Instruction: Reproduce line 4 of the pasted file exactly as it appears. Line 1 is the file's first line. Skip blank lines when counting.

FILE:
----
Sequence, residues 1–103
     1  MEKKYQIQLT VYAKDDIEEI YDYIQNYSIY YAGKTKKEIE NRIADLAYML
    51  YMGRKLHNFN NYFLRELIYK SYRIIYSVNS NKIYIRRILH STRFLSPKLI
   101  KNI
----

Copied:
   101  KNI